When modelling there are different ways of approaching it which is a good way of demonstrating onshape features, start with a solid and hollow, revolve a profile, loft shapes etc. It is also a good time to revisit the original barrel and reservoir. Look at how the reservoir is held in place, the hole in the barrel and cap (why are they there?). It gets students to really look at the minute detail of a product. You could even introduce tolerances! are all the barrels exactly the same size? are the reservoir ends all the same diameters - can they be interchanged? why are they manufactured this way?

    When they have a final design - It's time to look at how it will be printed. Which orientation will it be printed in? Does it need splitting in half? how will they be joined? quality of print? does it need support or raft.

    If you decide to print them. While the barrels are being printed, students present their work and then look at other refill reservoirs that are available. and create designs for them, If I do this we look at Zaha Hadid ( the queen of curves) and the Buildings the company have created all over the world as inspiration for their 'iconic' design.

    When the barrels are printed the moment of truth is when they put the reservoir into it... does it fit? Is it the right length? does it fall out? and importantly is it comfortable to use?

    Hope this is of use!
  • justin_36justin_36 Member Posts: 23 EDU
    Good shout on those resources!  I don't suppose you could share your resources @justin_36?

    See private message @stephen_wilson554
  • huw_gulletthuw_gullett Member Posts: 6 EDU
    Will look into it as there are many powerpoints and onshape files. What do you think is the best way of sharing these?
  • Domenico_DDomenico_D Member, Onshape Employees Posts: 59 PRO
    @huw_gullett That sounds like a really engaging project. What grade are the students you generally do this lesson with? 

    A good way to share all your resources might be a folder in Onshape. You could import the powerpoints into the relevant Onshape documents and then move the documents into a folder that you could share with interested individuals. 

    Another option would be to turn link sharing on for each of the individual documents and post those links. These are just two ways within Onshape. Other educators might have a better idea how to share these resources!
  • Mr_JovaisMr_Jovais Member Posts: 1 EDU
    @huw_gullett Love that project as finding the right printing project can be tough with 25 kids and 2 printers as in my case. A pen is the perfect size. I've used the reverse engineering w/ usb chip to create their own cases w/ .001 measurements w/ .005 tolerances. In your case the pen gives the student a lot of options to utilize. They could even push themselves w/ mechanical innards for click pens and even multi ink options. I would love to see what you have if willing to share. I have created a canvas course for my class during quarantine and it worked out nicely. As long as students are on the edu account and you have canvas I can share. The course revolves around OnSHAPE's Learning Pathway - Intro to CAD. cheers

  • huw_gulletthuw_gullett Member Posts: 6 EDU
    The Iconics project is year 10!
    The first project is in year 9 this is the Workshop licence, Pencil case project.

    This is their introduction to onshape and because it is completed after they have made it. They can take measurements from the product.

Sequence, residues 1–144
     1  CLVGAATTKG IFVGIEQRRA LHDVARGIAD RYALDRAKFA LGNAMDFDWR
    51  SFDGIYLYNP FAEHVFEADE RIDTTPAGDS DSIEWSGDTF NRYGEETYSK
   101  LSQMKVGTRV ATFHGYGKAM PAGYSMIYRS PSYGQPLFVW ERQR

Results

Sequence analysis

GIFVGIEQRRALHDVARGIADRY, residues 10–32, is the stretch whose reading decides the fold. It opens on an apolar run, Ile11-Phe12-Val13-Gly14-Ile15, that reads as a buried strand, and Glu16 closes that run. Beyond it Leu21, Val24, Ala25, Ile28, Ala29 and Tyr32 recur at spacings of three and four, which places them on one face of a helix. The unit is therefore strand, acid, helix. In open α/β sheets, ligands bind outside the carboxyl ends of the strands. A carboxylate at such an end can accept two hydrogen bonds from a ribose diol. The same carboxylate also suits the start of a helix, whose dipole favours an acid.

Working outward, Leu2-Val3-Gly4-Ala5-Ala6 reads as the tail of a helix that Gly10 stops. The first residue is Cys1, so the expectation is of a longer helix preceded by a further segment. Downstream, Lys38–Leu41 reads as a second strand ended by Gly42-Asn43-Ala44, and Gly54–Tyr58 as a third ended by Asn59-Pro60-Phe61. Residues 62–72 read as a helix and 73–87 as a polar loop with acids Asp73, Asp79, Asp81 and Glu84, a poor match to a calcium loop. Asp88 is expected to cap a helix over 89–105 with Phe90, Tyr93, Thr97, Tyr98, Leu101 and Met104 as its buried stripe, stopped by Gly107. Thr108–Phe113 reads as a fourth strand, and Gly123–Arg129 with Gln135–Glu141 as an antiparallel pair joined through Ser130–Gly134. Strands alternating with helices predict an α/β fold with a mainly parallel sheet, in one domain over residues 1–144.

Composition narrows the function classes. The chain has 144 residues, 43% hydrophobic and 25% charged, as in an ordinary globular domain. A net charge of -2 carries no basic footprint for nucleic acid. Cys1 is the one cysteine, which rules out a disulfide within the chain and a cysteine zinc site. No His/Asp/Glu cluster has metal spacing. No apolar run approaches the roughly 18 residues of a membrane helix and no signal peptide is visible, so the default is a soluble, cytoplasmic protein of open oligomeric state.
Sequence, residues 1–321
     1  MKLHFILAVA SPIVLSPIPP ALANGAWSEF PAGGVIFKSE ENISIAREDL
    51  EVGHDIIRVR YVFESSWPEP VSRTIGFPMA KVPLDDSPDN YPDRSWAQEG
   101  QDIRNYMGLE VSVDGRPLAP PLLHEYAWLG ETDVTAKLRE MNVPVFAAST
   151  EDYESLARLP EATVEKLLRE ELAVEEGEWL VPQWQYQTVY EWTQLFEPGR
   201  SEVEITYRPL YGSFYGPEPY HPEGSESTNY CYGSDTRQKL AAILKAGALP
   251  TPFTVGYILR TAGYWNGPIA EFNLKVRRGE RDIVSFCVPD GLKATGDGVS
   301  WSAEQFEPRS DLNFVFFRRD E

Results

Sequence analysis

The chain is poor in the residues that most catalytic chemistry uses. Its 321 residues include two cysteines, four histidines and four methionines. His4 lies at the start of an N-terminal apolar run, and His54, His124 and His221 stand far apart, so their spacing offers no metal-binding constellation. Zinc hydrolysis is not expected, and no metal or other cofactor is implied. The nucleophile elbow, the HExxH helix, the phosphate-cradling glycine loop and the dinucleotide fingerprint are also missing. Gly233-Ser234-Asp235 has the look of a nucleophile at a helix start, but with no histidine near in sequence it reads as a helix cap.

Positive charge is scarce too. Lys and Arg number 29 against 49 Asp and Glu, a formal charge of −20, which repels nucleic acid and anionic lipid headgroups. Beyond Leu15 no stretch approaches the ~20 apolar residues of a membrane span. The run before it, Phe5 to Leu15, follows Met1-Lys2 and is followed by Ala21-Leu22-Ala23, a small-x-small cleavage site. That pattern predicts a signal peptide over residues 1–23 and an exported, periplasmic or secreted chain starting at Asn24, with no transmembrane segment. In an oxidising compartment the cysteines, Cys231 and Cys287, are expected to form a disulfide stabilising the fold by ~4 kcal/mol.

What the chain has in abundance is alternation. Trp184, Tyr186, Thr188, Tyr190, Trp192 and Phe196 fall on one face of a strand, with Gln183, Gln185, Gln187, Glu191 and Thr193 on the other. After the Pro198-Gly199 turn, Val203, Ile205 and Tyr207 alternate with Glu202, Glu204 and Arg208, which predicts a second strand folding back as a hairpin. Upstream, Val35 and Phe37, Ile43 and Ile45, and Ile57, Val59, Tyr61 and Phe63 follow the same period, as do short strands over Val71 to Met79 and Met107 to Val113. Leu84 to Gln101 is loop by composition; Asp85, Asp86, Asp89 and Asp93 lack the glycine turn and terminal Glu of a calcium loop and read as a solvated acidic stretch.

The second Onshape project is used in a drawing unit, they first learn sketching techniques and within this isometric and Orthographic. The focus at first is basic geometric shapes. We then look at how these can be done in Onshape, and the improvement of accuracy and ease of changing drawings. The key learning element is that it can be done by hand , but learning onshape is a much better way. Both skills are required in the OCR Engineering Design course they undertake.
    Within the learning we do talk about changing the orientation of the parts and what should be on an orthographic drawing.
    The onshape task is a simple block boat, and comes before they have to redesign an everyday object, this year computer mouse.

    After this comes the CAD Container project. Usually the aim is to teach the students how to use corel draw to create the files for lasercutting, however we also look at Onshape and how to import and export between the two pieces of software.
    It starts with a 70x70x40 tray, then a 100x100x50 box leading to a100x100x100 container

    One of the key learning elements is you cannot just click and drag to make things larger!

    After this is the yr10 Iconic Products project. This project I have explained in detail above in a previous post.

    After this it's the Vex machines project. After they have assembled and disassembled the machines we look at tolerances for the parts metal against plastic. They then each have a part to model and share.
    These can also be adapted to make a new design of part. As well as assembling the machines mechanisms and animate.

    The culmination of their work is the coursework units for OCR Engineering Drawing analysis of a USB bullet charger and designing a new case that would include the circuit and a battery to make a power bank.
    During Lockdown the students have also had a go at a gumball dispenser...

    Hope this helps to show the blended learning that my OCR Engineering Design students take. Don't forget inbetween all of these projects is the theory and many other elements of the course specification/ syllabus are covered.

  • justin_36justin_36 Member Posts: 23 EDU
    Thank you for sharing! @huw_gullett
Sign In or Register to comment.